Final Tax Bill Slashes US Corporate Rate
Final Tax Bill Slashes US Corporate Rate

Final Tax Bill Slashes US Corporate Rate

Final Tax Bill Slashes US Corporate Rate

Congressional Republicans unveiled the final version of their dramatic US tax overhaul—debt-financed cuts for businesses, the wealthy and some middle-class Americans—and picked up crucial support from two wavering senators ahead of planned votes by lawmakers early next week.
Passage of the biggest US tax rewrite since 1986 would provide Republican lawmakers and President Donald Trump their first major legislative victory since he took office in January. Prospects for approval soared after Republican senators Marco Rubio and Bob Corker pledged support, Reuters reported.
The final version hammered out between the senate and house of representatives Republicans after each chamber previously passed competing versions contained no surprises.
It would cut the corporate income tax rate to 21% from 35%, according to a summary distributed to reporters by congressional tax writers. Corporate tax lobbyists have been seeking a tax cut of this magnitude for many years.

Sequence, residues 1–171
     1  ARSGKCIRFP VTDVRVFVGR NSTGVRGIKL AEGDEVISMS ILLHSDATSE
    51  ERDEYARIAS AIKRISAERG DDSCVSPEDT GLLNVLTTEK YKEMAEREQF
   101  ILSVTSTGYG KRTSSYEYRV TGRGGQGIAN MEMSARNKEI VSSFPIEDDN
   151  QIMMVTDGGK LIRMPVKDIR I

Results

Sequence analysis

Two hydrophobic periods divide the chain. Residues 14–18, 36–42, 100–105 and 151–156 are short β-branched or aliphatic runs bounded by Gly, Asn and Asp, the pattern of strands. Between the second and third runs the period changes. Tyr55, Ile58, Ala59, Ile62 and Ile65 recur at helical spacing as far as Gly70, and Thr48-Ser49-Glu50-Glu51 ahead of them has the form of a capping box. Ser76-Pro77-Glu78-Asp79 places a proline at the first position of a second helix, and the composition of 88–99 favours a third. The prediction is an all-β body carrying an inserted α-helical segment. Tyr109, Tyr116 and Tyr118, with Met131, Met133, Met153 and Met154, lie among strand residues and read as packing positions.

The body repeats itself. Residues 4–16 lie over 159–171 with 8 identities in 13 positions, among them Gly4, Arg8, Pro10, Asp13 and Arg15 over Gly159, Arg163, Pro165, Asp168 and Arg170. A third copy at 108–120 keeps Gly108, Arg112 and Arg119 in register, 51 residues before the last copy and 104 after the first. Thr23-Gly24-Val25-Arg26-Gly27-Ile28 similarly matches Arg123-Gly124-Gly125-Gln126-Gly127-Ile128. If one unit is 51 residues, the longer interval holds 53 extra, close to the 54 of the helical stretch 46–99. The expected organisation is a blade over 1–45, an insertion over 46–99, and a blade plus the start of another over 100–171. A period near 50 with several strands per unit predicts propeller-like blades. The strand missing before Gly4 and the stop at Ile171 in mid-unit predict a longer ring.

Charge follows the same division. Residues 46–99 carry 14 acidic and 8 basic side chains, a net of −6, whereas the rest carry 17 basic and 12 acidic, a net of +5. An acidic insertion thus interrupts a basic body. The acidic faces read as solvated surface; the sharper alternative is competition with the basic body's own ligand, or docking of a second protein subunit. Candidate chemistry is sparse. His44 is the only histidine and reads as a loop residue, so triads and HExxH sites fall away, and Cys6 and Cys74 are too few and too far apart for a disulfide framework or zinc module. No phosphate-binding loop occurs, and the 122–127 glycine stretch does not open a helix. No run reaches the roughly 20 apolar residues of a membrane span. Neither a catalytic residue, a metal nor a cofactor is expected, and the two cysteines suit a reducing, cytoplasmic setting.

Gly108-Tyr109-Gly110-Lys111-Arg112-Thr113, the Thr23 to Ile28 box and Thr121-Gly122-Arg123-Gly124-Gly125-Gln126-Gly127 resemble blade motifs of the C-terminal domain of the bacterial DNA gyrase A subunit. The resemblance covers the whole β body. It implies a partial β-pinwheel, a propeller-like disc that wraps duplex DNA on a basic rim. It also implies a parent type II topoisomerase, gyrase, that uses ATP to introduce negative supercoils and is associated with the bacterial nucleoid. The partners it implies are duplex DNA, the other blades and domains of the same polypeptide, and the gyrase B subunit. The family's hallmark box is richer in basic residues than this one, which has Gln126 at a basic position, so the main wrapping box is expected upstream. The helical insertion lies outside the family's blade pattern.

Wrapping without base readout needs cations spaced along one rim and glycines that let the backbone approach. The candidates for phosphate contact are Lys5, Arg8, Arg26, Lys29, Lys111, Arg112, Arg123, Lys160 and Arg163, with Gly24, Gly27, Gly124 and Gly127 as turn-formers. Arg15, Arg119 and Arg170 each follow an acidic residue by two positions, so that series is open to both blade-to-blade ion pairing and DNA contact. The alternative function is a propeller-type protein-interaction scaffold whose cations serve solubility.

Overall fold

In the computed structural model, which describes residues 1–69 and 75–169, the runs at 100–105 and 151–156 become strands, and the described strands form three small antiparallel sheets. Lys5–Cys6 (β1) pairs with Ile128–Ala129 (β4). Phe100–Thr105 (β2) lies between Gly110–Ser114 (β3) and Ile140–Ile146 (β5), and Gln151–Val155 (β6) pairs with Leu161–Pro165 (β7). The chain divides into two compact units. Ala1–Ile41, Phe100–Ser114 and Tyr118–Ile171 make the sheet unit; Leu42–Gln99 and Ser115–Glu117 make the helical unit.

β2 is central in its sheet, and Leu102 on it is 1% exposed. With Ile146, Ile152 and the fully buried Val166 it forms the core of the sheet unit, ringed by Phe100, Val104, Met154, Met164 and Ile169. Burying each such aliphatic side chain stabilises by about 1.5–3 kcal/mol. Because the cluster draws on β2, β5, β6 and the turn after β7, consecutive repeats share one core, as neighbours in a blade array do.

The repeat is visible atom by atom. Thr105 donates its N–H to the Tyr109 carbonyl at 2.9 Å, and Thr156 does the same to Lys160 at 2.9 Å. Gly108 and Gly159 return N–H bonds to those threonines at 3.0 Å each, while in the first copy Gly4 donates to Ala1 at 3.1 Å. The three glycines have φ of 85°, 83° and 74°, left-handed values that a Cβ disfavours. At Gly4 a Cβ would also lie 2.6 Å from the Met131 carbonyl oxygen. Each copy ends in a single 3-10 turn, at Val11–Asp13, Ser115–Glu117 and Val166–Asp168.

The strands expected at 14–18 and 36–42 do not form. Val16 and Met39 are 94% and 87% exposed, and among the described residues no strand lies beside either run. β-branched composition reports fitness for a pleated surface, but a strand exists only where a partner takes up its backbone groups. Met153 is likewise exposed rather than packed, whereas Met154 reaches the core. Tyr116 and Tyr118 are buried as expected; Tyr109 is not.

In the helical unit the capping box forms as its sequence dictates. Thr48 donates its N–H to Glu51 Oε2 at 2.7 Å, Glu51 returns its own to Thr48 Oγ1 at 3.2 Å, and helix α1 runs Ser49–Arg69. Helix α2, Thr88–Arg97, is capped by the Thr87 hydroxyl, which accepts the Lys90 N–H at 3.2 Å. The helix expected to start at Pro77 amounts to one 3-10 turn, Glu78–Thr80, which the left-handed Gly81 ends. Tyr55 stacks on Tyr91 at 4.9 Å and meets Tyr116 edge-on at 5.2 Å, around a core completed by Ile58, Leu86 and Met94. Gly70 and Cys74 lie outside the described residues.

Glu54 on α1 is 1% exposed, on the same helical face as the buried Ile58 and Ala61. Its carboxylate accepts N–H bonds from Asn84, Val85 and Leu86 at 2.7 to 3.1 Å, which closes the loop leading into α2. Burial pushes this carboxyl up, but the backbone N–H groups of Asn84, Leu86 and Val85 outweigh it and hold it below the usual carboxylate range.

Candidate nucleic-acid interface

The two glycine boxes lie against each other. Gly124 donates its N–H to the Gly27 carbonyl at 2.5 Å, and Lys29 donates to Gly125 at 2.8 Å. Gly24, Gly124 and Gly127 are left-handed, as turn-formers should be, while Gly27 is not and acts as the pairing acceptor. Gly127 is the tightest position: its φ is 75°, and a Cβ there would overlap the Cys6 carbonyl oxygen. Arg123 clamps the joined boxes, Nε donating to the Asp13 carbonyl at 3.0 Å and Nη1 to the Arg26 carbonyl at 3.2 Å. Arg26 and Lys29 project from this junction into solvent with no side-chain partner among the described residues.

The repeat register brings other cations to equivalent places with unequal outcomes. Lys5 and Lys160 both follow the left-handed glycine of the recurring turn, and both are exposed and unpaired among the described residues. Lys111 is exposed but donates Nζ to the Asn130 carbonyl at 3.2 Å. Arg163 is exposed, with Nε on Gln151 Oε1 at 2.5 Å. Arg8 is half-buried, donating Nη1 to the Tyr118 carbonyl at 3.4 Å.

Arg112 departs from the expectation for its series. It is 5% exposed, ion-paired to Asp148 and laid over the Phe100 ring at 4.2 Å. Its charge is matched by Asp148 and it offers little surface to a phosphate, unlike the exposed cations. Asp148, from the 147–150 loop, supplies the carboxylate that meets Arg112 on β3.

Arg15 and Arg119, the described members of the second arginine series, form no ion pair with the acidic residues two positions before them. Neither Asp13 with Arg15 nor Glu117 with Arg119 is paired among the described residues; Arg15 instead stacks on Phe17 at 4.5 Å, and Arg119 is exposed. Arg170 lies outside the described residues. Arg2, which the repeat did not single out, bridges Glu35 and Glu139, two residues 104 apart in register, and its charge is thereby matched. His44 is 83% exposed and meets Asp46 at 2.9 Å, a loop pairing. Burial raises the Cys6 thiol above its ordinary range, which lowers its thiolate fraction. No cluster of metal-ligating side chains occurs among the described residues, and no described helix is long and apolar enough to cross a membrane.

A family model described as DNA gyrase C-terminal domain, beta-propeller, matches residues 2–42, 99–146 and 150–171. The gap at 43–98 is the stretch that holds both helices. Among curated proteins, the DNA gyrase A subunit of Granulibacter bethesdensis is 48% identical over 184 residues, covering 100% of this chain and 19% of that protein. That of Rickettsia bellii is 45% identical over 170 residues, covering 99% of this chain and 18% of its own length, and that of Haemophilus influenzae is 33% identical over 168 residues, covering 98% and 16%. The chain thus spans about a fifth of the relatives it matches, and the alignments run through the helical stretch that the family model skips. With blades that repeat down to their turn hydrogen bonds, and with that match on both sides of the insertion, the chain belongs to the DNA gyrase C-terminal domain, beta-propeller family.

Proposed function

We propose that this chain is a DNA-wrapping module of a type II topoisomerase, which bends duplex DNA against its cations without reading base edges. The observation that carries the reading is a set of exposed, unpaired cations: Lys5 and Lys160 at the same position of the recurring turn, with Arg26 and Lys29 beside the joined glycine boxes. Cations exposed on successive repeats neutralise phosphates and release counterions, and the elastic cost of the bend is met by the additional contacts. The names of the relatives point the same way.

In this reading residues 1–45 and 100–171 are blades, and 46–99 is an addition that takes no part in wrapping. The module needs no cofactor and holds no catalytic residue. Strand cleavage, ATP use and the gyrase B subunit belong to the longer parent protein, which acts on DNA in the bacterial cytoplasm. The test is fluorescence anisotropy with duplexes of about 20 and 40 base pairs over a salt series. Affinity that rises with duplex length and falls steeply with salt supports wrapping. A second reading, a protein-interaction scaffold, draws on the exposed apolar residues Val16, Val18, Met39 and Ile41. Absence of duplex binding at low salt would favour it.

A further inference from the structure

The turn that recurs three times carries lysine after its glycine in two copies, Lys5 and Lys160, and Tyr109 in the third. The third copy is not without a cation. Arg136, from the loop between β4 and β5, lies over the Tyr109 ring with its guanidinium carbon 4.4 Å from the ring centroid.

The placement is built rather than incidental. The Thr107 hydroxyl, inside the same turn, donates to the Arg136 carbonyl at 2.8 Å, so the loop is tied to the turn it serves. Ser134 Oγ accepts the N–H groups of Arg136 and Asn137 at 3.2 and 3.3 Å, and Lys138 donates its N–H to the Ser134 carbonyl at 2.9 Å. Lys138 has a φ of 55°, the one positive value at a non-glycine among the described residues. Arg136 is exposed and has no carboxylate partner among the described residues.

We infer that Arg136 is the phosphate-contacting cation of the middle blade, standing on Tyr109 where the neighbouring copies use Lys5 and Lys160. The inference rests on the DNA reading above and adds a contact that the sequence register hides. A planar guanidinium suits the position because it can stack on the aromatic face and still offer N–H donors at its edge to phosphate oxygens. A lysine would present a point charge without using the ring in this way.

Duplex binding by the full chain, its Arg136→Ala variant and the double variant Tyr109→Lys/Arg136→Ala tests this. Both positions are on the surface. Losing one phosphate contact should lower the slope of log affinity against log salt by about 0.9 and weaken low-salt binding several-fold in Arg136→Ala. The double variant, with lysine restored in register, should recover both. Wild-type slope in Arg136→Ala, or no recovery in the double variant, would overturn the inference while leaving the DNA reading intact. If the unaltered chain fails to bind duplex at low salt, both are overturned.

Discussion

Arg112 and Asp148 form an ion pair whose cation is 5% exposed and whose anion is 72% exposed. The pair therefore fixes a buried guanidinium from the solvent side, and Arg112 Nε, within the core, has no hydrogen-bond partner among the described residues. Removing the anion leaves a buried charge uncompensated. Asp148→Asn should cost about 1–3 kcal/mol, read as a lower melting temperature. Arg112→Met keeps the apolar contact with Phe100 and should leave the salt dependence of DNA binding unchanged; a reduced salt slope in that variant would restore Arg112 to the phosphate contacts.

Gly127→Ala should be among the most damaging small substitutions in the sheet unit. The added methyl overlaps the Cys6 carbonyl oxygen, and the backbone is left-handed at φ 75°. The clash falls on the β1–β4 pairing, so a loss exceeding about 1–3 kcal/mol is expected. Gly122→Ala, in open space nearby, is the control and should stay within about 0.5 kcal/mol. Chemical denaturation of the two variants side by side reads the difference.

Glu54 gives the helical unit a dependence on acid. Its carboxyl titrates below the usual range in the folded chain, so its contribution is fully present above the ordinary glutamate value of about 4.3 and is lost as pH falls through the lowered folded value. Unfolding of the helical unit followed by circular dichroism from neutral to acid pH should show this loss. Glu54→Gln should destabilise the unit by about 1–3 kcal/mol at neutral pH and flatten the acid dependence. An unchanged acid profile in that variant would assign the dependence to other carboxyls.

The bill, the summary showed, would create a 20% business income tax deduction for owners of “pass-through” businesses, such as partnerships and sole proprietorships; allow for immediate write-off by corporations of new equipment costs; and eliminate the corporate alternative minimum tax.
Under a new territorial system, the bill would exempt US corporations from taxes on most of their future foreign profits. It also sets a one-time tax for companies to repatriate more than $2.6 trillion now held overseas, at rates of 15.5% for cash and cash-equivalents and 8% for illiquid assets.
If passed by Congress, the changes would be in effect for 2018 taxes, with tax returns for 2017 unaffected. Democrats have been unified against the measure, calling it a giveaway to corporations and the rich that would drive up the federal deficit.
Bernie Sanders, a leading liberal voice in the senate who unsuccessfully sought the Democratic presidential nomination last year, called the bill “a moral and economic obscenity.”
“It is a gift to wealthy Republican campaign contributors and an insult to the working families of our country,” Sanders said.
The tax bill was expected to add at least $1 trillion to the 20 trillion US national debt over 10 years, making it an unusual example of deficit spending on stimulative tax cuts at a time when the economy is already expanding.
The Republican bill would maintain the existing seven individual and family income tax brackets with rates of 10, 12, 22, 24, 32, 35 and 37%. That top rate, for the highest-earning Americans, would be cut from today’s 39.6%.

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